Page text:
Direct Marketing Commission - Enforcing Higher Industry Standards

Data & Marketing Commission | Enforcing Higher Industry Standards

Aspect Web Media – complaint about direct marketing

November 2015

This case looked at the concerns raised by a single complainant who had been in receipt of a number of unwanted emails where the sender email addresses had seemingly been created to give the impression the messages were coming from well-known legitimate businesses and the email content was unrelated to those businesses. The complainant had followed a link which led him to believe that AWM were involved. Over the course of the investigation, it became clear that some of those emails had been for marketing campaigns run by AWM.  AWM was using affiliates and sub-affiliates who each had databases of individuals which had allegedly consented to e-mail marketing for certain goods and services.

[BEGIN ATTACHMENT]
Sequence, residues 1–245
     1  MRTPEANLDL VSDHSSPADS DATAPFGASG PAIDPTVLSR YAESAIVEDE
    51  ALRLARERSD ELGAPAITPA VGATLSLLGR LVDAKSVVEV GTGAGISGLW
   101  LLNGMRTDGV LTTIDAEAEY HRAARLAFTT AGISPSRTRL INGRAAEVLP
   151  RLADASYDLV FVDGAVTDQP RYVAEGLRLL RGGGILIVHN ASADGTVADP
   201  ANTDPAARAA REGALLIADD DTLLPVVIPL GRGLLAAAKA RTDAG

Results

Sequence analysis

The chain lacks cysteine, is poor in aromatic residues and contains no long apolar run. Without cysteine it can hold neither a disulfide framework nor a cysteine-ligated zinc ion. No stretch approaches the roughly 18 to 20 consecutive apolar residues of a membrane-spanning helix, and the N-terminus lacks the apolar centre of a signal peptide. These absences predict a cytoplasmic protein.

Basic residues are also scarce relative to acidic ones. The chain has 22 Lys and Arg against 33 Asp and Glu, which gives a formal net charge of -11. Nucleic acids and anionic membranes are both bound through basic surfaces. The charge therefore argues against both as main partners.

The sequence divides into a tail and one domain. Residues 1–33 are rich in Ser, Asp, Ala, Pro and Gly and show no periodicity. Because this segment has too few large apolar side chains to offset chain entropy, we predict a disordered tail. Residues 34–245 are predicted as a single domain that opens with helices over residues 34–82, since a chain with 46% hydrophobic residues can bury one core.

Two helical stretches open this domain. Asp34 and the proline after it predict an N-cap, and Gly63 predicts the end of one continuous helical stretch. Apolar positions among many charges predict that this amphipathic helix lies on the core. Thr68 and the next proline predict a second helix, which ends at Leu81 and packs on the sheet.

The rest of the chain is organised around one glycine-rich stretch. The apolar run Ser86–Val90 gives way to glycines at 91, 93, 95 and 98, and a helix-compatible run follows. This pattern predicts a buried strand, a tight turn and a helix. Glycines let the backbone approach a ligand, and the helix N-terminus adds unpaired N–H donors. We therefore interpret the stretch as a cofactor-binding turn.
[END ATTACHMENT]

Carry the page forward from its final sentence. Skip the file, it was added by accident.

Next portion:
The complaint led to an investigation where the DMC looked at AWM’s business model and its relationship with its affiliates and sub-affiliates in general and did not restrict itself to only examining the single complaint received.

The adjudication addressed the case with particular reference to Code rule 4.3 which states that “members must accept that in the context of this Code they are normally responsible for any action (including the content of commercial communications) taken on their behalf by their staff, sales agents, agencies, one-to-one marketing suppliers and others.

The DMC recognised that AWM operated largely on the basis of trust in affiliates and in their trust in sub-affiliates and on feed-back from their campaign-clients or direct affiliates if something goes wrong. The DMC also noted however that AWM had made or were in the process of making some changes to their processes to ensure tighter controls and told the DMC that they were open to other reforms to assure compliance.

The DMC has made it clear to the DMA that it sees the need to apply the related provision that members must take responsibility for the data that is traded via the actions of their suppliers and sub-contractors. This message is now of key importance to the DMA and the application of Code rules across its compliance process.

We upheld a breach of rule 4.3 above and formally reminded AWM of its responsibilities under this part of the DMA Code.